roughly the same location in the network, whereas it can return
   anywhere in the network in the latter case.

3.3. Scalability

   Looking at the number of wall switches, power outlets, sensors of
   various nature, video equipment and so on in a modern house, it
   seems quite realistic that hundreds of low power devices may form
   a home automation network in a fully populated "smart" home.
   Moving towards professional building automation, the number of
   such devices may be in the order of several thousands.



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   The routing protocol MUST support 250 devices in the network.

3.4. Convergence Time

   A wireless home automation network is subject to various
   instabilities due to signal strength variation, moving persons and
   the like.
   Measured from the transmission of a packet, the following
   convergence time requirements apply.

   The routing protocol MUST converge within 0.5 second if no nodes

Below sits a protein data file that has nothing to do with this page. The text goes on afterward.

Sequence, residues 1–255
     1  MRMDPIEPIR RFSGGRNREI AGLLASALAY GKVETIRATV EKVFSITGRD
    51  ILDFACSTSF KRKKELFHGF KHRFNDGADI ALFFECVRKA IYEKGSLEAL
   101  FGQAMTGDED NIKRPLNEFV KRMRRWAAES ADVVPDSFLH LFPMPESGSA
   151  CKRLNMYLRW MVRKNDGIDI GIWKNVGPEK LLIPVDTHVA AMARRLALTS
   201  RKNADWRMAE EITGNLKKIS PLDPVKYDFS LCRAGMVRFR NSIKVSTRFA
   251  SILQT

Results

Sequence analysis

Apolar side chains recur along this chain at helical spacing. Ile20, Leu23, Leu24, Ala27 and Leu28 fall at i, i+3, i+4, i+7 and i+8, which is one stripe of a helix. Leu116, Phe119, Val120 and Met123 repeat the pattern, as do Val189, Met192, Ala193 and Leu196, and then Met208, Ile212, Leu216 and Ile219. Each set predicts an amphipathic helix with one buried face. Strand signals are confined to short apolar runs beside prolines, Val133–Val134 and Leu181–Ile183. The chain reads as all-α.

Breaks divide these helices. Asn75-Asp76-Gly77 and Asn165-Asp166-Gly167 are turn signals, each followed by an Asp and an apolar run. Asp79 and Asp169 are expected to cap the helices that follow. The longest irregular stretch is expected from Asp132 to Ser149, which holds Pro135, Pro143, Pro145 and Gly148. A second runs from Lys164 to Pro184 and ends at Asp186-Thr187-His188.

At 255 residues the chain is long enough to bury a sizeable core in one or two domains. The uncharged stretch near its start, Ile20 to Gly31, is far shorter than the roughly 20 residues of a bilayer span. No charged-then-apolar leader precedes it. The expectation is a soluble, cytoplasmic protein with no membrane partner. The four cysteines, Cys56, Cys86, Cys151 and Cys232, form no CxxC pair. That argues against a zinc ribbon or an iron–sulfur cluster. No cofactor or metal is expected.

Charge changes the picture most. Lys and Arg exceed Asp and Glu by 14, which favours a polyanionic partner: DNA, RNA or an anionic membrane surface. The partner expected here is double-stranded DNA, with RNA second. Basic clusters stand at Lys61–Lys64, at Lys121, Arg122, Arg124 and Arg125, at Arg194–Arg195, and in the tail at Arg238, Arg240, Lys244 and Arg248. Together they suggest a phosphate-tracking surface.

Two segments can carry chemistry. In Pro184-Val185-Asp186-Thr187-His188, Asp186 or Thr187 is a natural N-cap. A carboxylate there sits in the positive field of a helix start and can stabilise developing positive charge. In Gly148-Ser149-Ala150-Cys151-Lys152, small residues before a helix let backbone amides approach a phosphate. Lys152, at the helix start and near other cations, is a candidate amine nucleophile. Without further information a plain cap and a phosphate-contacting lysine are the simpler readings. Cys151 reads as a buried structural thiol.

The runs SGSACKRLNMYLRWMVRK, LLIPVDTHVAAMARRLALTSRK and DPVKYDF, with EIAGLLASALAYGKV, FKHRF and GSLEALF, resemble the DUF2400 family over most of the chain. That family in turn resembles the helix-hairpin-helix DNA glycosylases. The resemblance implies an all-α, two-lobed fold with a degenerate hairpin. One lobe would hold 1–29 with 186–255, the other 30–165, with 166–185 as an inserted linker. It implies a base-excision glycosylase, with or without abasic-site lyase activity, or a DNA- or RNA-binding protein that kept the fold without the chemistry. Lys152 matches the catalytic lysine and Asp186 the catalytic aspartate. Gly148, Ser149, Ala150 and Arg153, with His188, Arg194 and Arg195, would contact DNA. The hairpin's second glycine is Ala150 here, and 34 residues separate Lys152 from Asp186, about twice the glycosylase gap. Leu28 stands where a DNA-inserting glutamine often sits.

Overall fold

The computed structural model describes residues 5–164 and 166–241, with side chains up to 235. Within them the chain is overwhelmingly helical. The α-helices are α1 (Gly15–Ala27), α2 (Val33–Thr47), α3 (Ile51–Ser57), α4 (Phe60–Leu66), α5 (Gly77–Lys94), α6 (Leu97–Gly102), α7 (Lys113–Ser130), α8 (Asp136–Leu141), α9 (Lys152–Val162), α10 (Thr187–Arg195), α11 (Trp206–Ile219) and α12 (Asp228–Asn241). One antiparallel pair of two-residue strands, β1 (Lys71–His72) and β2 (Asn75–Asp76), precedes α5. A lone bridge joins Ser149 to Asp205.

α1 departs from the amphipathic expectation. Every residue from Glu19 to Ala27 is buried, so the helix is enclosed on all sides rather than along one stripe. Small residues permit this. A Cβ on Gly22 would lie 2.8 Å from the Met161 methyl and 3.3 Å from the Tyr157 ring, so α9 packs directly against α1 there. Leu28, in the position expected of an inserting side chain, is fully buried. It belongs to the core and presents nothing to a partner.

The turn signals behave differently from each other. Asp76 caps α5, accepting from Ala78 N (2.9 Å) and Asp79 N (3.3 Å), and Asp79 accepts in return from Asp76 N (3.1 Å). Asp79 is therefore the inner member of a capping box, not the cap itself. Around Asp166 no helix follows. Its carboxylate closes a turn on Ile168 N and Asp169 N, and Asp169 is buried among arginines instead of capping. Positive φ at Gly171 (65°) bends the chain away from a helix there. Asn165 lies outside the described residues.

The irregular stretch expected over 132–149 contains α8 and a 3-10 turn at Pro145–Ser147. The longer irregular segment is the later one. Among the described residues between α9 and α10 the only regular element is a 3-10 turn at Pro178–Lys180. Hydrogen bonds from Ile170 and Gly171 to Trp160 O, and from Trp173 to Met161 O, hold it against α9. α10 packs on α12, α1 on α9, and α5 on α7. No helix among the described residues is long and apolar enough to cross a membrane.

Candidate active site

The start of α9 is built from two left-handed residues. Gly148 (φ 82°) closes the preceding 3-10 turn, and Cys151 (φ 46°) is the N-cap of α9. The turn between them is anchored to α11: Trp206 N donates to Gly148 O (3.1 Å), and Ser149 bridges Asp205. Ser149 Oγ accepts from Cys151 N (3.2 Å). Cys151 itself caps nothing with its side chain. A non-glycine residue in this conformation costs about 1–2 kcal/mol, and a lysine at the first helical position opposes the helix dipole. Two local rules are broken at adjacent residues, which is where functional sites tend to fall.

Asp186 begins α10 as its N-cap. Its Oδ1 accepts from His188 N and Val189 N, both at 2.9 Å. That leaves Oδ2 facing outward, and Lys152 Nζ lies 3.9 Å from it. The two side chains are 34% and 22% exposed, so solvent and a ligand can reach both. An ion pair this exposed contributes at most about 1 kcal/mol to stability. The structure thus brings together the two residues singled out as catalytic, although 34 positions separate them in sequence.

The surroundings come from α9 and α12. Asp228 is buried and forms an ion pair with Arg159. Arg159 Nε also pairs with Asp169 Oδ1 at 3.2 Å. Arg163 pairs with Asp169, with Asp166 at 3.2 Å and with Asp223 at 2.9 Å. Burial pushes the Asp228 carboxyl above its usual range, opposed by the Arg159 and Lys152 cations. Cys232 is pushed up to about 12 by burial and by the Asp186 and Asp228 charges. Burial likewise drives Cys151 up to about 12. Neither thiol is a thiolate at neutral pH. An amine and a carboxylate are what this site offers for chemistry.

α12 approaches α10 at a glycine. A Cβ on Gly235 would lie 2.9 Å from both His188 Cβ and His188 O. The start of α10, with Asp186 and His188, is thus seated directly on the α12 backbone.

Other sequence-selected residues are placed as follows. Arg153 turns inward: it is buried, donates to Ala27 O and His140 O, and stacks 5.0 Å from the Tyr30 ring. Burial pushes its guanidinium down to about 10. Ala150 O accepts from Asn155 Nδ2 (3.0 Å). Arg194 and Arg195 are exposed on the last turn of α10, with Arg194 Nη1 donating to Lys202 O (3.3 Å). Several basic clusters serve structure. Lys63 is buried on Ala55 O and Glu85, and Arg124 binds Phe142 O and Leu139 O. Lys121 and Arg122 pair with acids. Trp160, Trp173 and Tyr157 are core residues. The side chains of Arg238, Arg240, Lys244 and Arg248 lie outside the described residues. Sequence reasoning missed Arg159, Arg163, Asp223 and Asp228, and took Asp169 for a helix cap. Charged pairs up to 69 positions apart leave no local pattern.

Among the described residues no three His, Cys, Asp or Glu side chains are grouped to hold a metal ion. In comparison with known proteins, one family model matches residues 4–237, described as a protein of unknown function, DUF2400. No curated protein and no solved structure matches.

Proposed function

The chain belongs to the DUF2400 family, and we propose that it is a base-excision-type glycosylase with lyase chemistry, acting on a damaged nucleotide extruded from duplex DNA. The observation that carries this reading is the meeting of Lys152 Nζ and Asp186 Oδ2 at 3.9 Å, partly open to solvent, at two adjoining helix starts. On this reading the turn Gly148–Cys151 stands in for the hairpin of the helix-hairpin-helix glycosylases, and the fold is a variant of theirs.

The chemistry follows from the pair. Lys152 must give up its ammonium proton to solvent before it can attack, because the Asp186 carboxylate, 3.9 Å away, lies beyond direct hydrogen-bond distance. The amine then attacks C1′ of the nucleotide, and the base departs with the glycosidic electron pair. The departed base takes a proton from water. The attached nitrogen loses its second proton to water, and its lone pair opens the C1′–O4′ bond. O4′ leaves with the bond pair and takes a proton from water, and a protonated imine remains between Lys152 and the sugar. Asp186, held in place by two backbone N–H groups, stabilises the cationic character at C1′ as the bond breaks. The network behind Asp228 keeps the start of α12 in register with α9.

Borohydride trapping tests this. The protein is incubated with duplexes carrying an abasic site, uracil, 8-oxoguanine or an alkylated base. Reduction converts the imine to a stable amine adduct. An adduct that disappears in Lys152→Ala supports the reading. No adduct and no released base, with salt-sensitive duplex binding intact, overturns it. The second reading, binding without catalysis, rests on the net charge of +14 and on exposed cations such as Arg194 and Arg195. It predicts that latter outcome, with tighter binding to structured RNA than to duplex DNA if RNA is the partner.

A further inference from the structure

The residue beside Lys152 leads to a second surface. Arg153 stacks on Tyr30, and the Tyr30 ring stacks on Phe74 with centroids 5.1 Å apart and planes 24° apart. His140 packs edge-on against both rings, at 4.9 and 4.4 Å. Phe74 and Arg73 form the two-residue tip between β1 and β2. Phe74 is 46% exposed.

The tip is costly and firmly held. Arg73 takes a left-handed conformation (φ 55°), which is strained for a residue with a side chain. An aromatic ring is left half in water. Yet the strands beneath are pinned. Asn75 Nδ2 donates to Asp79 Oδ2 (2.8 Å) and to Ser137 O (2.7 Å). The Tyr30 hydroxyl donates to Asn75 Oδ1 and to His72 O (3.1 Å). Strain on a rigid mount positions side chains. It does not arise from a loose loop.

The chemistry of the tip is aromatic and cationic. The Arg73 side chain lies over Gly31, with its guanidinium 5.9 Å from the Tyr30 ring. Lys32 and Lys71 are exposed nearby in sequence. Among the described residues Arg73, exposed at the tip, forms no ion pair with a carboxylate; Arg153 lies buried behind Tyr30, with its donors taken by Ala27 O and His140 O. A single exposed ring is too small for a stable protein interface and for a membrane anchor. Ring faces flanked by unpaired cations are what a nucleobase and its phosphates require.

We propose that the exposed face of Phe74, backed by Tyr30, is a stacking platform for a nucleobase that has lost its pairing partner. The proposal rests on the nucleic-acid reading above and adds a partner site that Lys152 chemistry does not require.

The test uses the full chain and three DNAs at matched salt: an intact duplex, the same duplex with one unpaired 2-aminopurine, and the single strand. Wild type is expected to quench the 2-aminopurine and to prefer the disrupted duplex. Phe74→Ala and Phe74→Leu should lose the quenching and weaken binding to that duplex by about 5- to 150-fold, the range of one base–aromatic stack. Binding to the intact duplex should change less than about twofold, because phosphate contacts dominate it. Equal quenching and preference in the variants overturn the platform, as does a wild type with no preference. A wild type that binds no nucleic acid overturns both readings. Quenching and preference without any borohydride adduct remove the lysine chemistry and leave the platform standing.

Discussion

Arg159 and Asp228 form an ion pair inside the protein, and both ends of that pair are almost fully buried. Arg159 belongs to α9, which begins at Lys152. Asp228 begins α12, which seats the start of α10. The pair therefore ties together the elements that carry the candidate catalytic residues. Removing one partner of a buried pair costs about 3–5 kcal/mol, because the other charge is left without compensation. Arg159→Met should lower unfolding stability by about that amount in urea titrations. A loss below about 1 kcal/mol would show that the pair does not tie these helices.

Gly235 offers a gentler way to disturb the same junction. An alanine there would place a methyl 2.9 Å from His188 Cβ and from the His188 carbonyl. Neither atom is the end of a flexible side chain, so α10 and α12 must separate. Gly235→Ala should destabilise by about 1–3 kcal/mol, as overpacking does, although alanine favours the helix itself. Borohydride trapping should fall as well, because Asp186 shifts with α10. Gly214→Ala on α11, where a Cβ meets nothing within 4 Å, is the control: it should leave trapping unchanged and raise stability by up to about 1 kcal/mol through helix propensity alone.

have moved.

   The routing protocol MUST converge within 4 seconds if nodes have
   moved.

   In both cases, "converge" means "the originator node has received
   a response from the destination node". The above-mentioned
   convergence time requirements apply to a home control network
   environment of up to 250 nodes with up to 4 repeating nodes
   between source and destination.

3.5. Manageability

   The ability of the home network to support auto-configuration is
   of the utmost importance. Indeed, most end users will not have the
   expertise and the skills to perform advanced configuration and
   troubleshooting. Thus the routing protocol designed for home
   automation networks MUST provide a set of features including zero-
   configuration of the routing protocol for a new node to be added
   to the network. From a routing perspective, zero-configuration
   means that a node can obtain an address and join the network on
   its own, almost without human intervention.

3.6. Stability

   If a node is found to fail often compared to the rest of the
   network, this node SHOULD NOT be the first choice for routing of
   traffic.

4. Traffic Pattern

   Depending on the design philosophy of the home network, wall
   switches may be configured to directly control individual lamps or